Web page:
Paternal Depression leads to problems with children
Why do we tend to overlook the mental health needs of new parents particularly the father’s needs? The emotional swings that accompany the mother’s experience after the birth of a child can often eclipse a vulnerable time for the father. Fathers are more involved than ever in caring and providing for newborns and involved with child rearing. Given the norm of two working parents and the stresses of parenthood, men often experience their first bout of depression after the birth of a child.
Studies of parent-child interactions often focus on maternal care giving, but a recent study published online in the Journal, Couple and Family Psychology: Research and Practice, looked at the impact of paternal depression on infant development and found that it had the same impact as maternal depression. Depression impacts behaviors that are vital to an infant’s sense of safety and security, and parent’s emotions affect children’s behavior.
Parenting is difficult and exciting, but staying tuned into the needs and rhythms of infants is challenging. There are plenty of opportunities to connect to an infant through eye contact, talk, and play. These behaviors help develop the parent-infant relationship so that the child internalizes a sense of safety and security. But when a parent is depressed, their interest in engaging with children can fall off. This can have long term consequences and spell trouble for the child when they are a toddler.
It is easy to confuse the behaviors of depression with disinterest or lack of motivation. When depression hits, it often is accompanied by a decrease in energy and an increase in negativity. Men and women in parenting roles often feel guilty about the lack of energy and distance themselves more from their child. This only perpetuates the infant’s discomfort and protest behavior which if left unnoticed can develop into a very disturbing dynamic. Fast forward to the active and challenging period of raising a toddler, and the study highlights behavioral difficulties from ages 3 and beyond such as hitting, and lying.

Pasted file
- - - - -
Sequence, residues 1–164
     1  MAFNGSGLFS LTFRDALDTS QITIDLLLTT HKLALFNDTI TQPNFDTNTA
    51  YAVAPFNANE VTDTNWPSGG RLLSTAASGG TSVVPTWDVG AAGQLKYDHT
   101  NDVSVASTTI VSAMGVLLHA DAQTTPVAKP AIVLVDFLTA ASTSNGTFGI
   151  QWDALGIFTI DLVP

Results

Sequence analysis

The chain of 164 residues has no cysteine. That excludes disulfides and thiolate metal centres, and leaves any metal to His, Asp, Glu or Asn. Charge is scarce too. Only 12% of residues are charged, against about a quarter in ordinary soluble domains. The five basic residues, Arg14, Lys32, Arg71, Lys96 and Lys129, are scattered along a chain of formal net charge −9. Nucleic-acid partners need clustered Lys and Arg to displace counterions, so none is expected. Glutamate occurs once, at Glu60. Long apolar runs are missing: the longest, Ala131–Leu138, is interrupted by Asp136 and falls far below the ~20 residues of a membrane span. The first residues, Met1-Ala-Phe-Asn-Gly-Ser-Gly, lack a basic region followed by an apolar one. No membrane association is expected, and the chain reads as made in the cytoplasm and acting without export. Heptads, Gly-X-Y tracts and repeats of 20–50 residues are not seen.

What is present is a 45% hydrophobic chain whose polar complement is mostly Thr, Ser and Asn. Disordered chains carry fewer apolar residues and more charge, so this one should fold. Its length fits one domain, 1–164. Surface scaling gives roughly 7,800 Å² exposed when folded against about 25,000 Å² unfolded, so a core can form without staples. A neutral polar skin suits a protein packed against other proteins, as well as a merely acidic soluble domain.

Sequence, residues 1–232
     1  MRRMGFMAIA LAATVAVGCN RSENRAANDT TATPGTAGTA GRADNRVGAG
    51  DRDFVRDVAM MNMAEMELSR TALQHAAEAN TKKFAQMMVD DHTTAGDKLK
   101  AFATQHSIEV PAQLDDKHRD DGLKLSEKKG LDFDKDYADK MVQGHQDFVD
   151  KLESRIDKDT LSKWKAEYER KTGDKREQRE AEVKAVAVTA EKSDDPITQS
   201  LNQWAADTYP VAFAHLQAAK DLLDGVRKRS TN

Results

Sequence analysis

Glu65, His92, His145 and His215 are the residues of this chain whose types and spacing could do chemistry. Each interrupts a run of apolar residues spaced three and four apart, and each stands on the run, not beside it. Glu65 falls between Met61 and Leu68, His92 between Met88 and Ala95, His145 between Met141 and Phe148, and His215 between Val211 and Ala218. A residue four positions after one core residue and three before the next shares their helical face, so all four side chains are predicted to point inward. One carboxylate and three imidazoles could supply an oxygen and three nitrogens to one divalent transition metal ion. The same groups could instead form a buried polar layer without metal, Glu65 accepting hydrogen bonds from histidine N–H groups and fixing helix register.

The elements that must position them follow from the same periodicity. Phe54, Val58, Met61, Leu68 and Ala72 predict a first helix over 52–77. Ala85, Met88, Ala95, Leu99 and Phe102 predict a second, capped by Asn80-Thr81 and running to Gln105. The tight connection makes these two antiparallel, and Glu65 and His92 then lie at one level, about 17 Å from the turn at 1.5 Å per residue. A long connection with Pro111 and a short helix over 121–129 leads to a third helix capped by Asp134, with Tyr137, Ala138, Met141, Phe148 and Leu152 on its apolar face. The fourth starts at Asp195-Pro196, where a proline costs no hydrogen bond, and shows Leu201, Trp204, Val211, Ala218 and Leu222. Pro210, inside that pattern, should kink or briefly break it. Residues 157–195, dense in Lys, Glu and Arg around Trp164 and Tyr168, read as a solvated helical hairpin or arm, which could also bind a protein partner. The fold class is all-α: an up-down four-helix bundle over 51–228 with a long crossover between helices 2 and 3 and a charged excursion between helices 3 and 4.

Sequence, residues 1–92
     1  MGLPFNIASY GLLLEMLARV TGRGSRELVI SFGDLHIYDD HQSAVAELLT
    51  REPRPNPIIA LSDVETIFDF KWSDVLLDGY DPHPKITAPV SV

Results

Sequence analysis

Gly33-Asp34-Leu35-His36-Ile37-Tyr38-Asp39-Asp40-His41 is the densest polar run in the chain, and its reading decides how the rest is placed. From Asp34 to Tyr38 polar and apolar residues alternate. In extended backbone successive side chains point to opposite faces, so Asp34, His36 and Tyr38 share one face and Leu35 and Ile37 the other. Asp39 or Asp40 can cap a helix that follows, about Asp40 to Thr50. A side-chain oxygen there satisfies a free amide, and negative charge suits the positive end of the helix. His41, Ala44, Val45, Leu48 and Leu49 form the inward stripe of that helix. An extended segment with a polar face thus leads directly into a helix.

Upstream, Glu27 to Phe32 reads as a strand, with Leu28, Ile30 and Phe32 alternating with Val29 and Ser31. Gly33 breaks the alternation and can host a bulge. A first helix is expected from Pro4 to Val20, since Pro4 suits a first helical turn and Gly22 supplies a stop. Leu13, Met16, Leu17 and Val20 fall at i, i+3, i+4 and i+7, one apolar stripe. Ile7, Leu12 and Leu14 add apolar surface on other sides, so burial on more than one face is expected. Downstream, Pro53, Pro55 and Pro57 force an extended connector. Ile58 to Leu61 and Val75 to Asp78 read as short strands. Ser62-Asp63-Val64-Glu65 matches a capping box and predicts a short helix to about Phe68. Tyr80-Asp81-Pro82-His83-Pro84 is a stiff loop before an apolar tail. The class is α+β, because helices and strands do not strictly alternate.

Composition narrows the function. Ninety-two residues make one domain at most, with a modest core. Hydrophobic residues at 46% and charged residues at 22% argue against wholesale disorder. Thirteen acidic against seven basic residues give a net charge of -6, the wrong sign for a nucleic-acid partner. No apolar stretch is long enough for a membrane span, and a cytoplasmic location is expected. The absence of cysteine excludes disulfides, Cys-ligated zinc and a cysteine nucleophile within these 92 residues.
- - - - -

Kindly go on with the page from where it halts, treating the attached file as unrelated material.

Fortunately, if a depressed parent seeks treatment or support, the family gets the help necessary that may protect the child from the negative aspects of depression. Early detection of depression is extremely important and there are many resources available to help fathers and partners with this difficult and treatable mental health issue.
If you are a new father concerned about your mood’s impact on you, your partner, and your child here are a few things you can do right away:
- Attend the infant checkups with the pediatrician. That will give the doctor an opportunity to ask how you are. Be honest if you aren’t doing so well. This will free you from the guilt of not taking responsibility for taking care of yourself and your family.
- Get support. Having extended family is a wonderful gift, but if you are far from family or estranged from family, find a group in your area that provides support groups for new parents. Hearing how others are dealing with mood changes and seeing others get help is an important first step. Seek professional help from a therapist.
- Remain curious about your infant. Curiosity opens the mind to the world and the experience of others. Take time to interact with your child even if you feel you have nothing to give.
- Smile at your child. This helps you feel a little bit happier.
Northwestern University. “Parents’ depression can lead to toddlers in trouble.” ScienceDaily. ScienceDaily, 12 March 2015. <www.sciencedaily.com/releases/2015/03/150312173820.htm>